When Haywood Mall opened in Greenville, Gene Kelly was invited to be the headliner. It was fabulous. We did the interview on the second level of the mall and with people all over the place, he danced his way down the escalator and then around the center court and back up the escalator, singing and dancing all the way. He was out of this world not only to watch but to interview. Such a lovely man.
When WSPA-TV moved its studios from Main Street in Spartanburg, S. C. out to the intersection of I-85 and I-26 (as the owner, Walter Brown called it, The Crossroads of the New South), the other Walter, Walter Cronkite, was on hand for the ground breaking and the dedication. On the later trip, I sat down with Mr. Cronkite, the most believed person in America, for a great interview. The comments I remember the most were when he responded to my questions, “What is the best and worst about being Walter Cronkite?” He quickly said, “The best is all of the great places I get to go and the wonderful people I get to meet. The worst is being in a restaurant for dinner with my family and someone recognizes me. They come over to the table and start talking. The problem is that after a few niceties they don’t know how to gracefully leave, so they continue to stay. I don’t want to be rude, but my food is getting cold. So recently I started saying, “I’m glad to have met you and if you don’t mind, I am going to continue with my meal before it gets cold.” That usually helps them get on with their business and I can get on with mine!” He was so cute as he talked. His eyes just danced on his face. Not hard to see why he is so revered.
During some of those early days at WSPA-TV a young lady right out of the University of South Carolina came to work at the station. She was Leeza Gibbons from Greenwood, S. C. She was a hard working girl and no assignment was too much for her. Several years after coming to the station, she got a call to come to Beaumont, Texas to host a local entertainment show. It wasn’t long before she was picked up by the National folks and off to New York she went. After that it was Hollywood and the rest is history. We loved Leeza and always took great pride in the fact that she started at WSPA-TV.
In addition to going to interview stars in Los Angeles each year, there was usually an Atlanta junket when the stars would make an additional stop. It was in Atlanta that I interview Tom Selleck, Michelle Lee, and others. Tom Selleck, star of Magnum PI, was a huge hit in 1980 when I interviewed him. I remember during the interview I asked him if he was married. He said, yes. The room was full of women, who all sighed! Then he said, “But we are separated!” The women all went, “Ah!” Then the whole room burst into laughter! He is currently preparing for another TV series.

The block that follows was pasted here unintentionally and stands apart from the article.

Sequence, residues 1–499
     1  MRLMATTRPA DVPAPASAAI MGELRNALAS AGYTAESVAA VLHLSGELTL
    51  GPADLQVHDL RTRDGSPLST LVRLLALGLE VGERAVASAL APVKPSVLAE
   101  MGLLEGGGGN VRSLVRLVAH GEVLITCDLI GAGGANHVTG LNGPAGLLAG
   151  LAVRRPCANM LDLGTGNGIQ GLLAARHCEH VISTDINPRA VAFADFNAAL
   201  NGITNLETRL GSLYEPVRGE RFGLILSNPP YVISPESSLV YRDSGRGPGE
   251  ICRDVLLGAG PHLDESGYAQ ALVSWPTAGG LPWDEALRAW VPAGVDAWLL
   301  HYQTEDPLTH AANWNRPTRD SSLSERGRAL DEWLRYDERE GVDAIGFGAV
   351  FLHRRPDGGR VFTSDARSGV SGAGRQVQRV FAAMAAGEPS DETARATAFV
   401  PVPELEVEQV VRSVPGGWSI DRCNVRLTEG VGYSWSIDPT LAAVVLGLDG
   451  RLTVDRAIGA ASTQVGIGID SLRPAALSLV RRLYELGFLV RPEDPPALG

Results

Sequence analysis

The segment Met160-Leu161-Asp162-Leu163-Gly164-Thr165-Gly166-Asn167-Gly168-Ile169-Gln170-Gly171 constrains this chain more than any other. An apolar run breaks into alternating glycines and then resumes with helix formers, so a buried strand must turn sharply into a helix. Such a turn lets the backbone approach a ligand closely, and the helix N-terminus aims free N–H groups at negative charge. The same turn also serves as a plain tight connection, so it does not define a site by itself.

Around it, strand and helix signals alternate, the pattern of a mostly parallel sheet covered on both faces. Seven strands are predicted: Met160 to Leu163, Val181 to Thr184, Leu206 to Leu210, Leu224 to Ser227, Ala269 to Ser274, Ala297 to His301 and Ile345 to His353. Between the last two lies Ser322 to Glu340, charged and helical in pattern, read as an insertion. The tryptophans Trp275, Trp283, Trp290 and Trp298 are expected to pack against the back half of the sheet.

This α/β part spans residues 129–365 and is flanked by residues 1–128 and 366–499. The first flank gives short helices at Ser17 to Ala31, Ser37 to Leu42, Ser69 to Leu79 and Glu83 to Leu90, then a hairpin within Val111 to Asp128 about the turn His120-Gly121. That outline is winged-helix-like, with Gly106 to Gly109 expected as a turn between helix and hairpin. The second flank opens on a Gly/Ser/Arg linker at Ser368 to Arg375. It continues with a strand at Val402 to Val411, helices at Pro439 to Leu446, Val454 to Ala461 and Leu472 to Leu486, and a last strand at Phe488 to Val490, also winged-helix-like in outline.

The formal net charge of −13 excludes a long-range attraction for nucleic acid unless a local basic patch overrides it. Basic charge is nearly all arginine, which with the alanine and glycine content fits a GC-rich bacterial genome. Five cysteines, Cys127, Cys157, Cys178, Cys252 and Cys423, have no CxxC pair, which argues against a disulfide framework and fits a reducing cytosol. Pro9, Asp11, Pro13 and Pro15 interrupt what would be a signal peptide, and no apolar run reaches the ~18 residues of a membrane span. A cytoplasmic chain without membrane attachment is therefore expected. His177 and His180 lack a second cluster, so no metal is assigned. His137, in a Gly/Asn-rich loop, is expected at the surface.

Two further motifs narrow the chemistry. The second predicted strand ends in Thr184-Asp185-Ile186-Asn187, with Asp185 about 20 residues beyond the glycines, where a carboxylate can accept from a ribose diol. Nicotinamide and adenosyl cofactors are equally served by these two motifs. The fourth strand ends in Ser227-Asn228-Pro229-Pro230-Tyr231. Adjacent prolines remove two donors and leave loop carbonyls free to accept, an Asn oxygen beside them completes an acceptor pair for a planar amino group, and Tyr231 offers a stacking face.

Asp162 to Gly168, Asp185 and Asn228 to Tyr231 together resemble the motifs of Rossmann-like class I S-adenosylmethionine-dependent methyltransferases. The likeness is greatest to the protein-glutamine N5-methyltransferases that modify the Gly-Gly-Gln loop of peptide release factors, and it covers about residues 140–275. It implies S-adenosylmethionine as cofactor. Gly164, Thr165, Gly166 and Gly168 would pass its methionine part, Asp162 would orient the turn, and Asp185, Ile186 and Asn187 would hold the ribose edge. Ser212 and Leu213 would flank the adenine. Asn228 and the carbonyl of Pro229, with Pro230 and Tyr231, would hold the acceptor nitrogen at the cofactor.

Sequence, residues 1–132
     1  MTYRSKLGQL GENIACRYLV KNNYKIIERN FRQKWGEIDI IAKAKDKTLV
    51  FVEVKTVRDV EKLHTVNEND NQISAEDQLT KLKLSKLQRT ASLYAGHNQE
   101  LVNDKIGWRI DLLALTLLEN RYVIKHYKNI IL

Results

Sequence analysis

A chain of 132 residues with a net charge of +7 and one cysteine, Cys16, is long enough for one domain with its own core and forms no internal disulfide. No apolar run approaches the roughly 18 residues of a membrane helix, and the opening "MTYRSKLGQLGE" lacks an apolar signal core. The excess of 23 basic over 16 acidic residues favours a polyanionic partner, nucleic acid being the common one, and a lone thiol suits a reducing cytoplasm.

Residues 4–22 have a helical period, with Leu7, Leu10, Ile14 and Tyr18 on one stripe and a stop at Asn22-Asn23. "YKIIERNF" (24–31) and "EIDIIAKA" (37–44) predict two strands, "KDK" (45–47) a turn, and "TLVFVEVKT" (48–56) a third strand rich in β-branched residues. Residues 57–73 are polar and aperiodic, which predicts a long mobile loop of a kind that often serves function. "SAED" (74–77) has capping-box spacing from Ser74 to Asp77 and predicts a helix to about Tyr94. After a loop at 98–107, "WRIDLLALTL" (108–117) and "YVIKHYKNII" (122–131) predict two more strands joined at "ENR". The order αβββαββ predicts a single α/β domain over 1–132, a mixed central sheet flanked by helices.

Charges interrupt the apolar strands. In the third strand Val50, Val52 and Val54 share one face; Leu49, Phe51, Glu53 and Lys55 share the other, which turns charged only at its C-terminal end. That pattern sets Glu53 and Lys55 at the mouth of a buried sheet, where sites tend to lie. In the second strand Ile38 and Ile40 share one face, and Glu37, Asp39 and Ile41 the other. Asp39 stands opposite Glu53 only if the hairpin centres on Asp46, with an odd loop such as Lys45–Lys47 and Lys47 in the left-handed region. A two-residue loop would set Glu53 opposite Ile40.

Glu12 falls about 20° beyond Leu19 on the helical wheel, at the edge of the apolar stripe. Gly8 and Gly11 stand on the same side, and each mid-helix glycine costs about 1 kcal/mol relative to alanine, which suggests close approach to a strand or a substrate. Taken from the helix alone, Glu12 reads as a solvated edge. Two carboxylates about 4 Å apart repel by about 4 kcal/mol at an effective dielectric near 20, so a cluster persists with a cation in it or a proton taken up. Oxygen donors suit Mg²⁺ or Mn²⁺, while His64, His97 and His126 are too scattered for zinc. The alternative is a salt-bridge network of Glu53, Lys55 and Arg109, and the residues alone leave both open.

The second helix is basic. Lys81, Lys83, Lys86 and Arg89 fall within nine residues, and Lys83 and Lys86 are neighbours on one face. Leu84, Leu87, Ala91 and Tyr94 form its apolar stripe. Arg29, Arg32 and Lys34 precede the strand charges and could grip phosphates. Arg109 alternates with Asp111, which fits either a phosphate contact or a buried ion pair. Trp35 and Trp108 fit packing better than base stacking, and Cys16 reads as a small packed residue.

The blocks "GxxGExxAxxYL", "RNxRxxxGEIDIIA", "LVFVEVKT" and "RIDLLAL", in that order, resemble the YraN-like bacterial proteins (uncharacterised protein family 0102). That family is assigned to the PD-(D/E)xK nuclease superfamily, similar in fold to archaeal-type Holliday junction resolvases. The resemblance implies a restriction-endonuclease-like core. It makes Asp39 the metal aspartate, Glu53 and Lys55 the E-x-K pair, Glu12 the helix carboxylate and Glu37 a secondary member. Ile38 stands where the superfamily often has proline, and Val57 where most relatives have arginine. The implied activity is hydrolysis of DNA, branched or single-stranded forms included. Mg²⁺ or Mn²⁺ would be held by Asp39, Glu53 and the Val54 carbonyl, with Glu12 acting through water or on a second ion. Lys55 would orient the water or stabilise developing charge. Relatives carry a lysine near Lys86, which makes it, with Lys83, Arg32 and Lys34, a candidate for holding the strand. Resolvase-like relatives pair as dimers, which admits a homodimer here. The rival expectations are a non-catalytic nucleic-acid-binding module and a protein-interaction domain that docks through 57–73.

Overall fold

Another time, I interviewed Larry Manetti, Selleck’s side kick in Magnum. He was just as delightful and had nothing but great things to say about working with Tom. In fact, at the end of the Magnum, Tom was given $350,000 as a bonus. He purchased Rolex watches and other expensive gifts and gave them all to the members of the Magnum crew!
When I interviewed Michelle Lee in Atlanta, she was starring in Knots Landing. This was a real hit for CBS and Michelle was in a role many people had never seen since her singing career had landed her in the spotlight. She did a great job on the show and I remember her wearing a bright blue silk blouse that was so light weight they couldn’t find anywhere to clip the microphone. Without hesitation, she pulled her shirt up and said, “Just clip it to my bra. That should do it!” The man that was trying to do this just about died trying to get it clipped as we all, of course, gave him a hard time about. While in New York, the Sunday afternoon of 9-9-01, just before 9-11, I was in New York getting ready to catch an evening flight back home. At the last minute we got tickets to the Sunday Matinee of The Allergist’s Wife, playing on Broadway. When we got to the theatre, Michelle Lee was the allergist’s wife! In fact, everyone in the cast except one, I had interviewed at one time during my television days. That was really cool.
Chastain Park in Atlanta is a special venue for concerts. The hot summer of 1987, I was able to be there with the camera crew to tape Sammy Davis, Jr. in concert. It was very special time particularly since he passed away in 1990.
Another great treat was going to New York each year to interview the nominees for the Tony Awards, given for various categories relating to the Broadway theatre. On one of those trips, I interviewed Anthony Perkins, who had been nominated for a Tony Award for his role in Romantic Comedy, also starring Mia Farrow. The night before the interview, I attended the play and as CBS would do, I had the best seat in the house on the second row. When the curtain opened, Perkins came on stage wearing his birthday suit and carrying a suit case! For a moment I thought I was in the theatre where Hair was playing! This “glimpse” certainly did make the interview the next morning interesting!
On that same trip, Judd Hirsch, best known for Taxi, had been nominated for a Tony Award. He was an easy interview because he loved to play so many roles and was so good at all of them.